I have always loved the idea of a bar cart – they’re gorgeous, functional, and who wouldn’t feel fancy making themselves a drink from a piece of furniture made specifically for holding all your alcohol?
They’re such a fun concept – totally unnecessary, yet somehow I feel like I must have one.
I can’t justify spending hundreds of dollars on a piece of furniture that’s meant to do nothing but display my liquor…but I can justify spending a few bucks to make my own!
Can you even believe that this bar cart was created from this
beauty awful old 80’s style television stand we found at Goodwill for $30?
Not gonna lie, my grandmother used to have the exact same television stand in her house.
As soon as I saw this beauty, I knew I wanted it to be a bar, so I sat down with my husband, formulated a quick plan of attack, and got to work.
First up, we had to get painting. I gave the whole thing a quick coat of primer – I didn’t worry too much about making it a perfect coat, because I was going to be using oil-based paint, which is much thicker and covers better than latex.
I mean, let’s be honest – it was looking much better already!
Because the function of the piece was originally for televisions and all their components, the backer board had a big hole in it – it was also pretty flimsy. So, I grabbed a new board for the backing.
Once I had a good coat of primer on everything, we had to figure out a way to make it a bit taller and more substantial. The whole thing was a bit too small to make a good bar, and it needed a little something to make it look less like the 80’s style television stand that it
Luckily, my husband is pretty handy, and he whipped up this quick box and attached some legs so we could give the whole thing some height. Although you can’t see it in this photo, he cut the boards for the front at a 45 degree angle so that you can’t see the end of the board (you can see what I’m talking about a little better if you look at the finished photos).
Obviously I wasn’t going to be able to live with that giant seam down the front of the bar, so I picked up a trip piece from the hardware store to spruce it up a little bit – it adds a fun detail and hides the fact that this wasn’t always just one solid piece of furniture.
Before we attached everything, I went ahead and painted all of the pieces individually. You could do it either way, but I figured it would be easier to get at those curvy little legs when I wasn’t contending with the rest of the bar.
We decided to go with an oil-based paint for this project. I can’t say I recommend it, but it was a fun experiment in trying a new medium. It’s much harder to work with (and to clean up!), so I definitely won’t be pulling out oil-based paint again for my next furniture project, but I do love the way the finished product looks!
It was finally starting to actually look less like a $30 piece of Goodwill furniture and more like a bar! At this point, all that was left to do was do some paint touch-ups, stencil the inside, and then take care of those old VHS drawers on the sides.
Let’s start with the stencil.
I knew I wanted to do a stencil on the sides and back of the bar, but I had a hard time figuring out exactly how I wanted to tackle it – I knew using paint would probably be pretty awkward on the sides, so I grabbed a gold metallic Sharpie to try instead. Sharpies can have pretty terrible bleed-through and I wasn’t about to start over with painting everything, so I decided to stencil it all in pencil first, then go back over it with the Sharpie.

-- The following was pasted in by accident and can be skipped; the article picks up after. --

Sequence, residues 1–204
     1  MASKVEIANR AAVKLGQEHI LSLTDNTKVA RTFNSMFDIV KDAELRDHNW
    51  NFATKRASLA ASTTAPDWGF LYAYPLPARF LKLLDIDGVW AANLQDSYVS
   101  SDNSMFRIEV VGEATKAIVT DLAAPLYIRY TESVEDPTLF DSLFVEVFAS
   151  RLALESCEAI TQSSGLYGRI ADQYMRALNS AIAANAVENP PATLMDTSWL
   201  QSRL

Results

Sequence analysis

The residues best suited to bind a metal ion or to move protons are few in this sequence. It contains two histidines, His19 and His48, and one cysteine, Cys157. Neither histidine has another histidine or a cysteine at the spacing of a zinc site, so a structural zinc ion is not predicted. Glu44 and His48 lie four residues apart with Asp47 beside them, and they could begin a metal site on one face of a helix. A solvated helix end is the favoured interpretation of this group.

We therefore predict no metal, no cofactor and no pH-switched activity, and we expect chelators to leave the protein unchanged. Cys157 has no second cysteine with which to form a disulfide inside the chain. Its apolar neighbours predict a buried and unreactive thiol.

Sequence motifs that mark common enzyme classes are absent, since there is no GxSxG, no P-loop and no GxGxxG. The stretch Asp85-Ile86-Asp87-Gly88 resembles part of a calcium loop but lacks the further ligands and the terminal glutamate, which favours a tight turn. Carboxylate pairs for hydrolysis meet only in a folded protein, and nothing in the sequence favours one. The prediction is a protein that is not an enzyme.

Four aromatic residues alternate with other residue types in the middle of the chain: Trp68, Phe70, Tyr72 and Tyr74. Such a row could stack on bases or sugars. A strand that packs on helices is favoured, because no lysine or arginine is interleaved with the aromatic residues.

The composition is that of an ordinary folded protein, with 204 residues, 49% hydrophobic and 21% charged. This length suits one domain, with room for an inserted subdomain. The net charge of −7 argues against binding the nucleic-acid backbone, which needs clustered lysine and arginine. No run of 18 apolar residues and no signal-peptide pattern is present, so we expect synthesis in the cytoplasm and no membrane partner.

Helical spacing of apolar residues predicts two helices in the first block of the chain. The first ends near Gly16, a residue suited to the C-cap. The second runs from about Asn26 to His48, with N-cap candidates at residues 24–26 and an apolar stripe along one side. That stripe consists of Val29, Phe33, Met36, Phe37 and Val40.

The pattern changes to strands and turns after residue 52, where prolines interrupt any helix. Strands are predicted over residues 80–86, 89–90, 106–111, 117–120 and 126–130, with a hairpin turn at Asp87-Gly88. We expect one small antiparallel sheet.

To make sure that the pattern on the back and sides lined up at least somewhat, I had Corey hold the back board up and taped where each of the edges were…
And then I laid the stencil on top of it, lined everything up, and taped on top of the stencil so I could see where the corner of the stencil should be. Then, I just taped the stencil onto the side of the bar, being sure to line the tape up with the corner, and got to tracing! It didn’t work out perfectly (I think that’s almost impossible) but it got close enough that it looks good, and that’s all I care about!
And, finally, now that the legs were added, the bar was painted, and the stencil was completed, it was time to turn our attention to the VHS drawers. As soon as we saw them in the store we knew they would be perfect for holding bottles, but we didn’t want them clanking around too much.
So, we bought a few glass bottles from Hobby Lobby to hold mixers and alcohol (so that they’re all a standard size) and we removed the top shelf on the drawers and added a board to the bottom shelf that had holes cut in it that fit the bottles.
Once that was all completed, it was time to put the whole thing back together and start adding our stuff! We decided to etch the bottles that we bought with the names of the alcohol, so we don’t have to try to remember which is which, and we got a custom-cut piece of glass from Lowe’s for the top so we don’t have to stress about spills.
For a final little touch, we grabbed some gold craft paint and dipped the bottom of our stemmed glasses – they play off the stenciled sides nicely and add a bit of fun to the whole thing.
I love how it turned out and I have to admit I have a hard time believing that it used to look like this.
And that’s how we turned a $30 thrift store television stand into a custom bar! This whole project was a ton of fun and a great reminder to Corey and I to think outside the box when it comes to pieces we find at the thrift shop! We almost passed this guy up because it looked so awful, but then the idea for a bar clicked and from there it turned into a piece that we absolutely adore and think we will get a whole lot of use out of!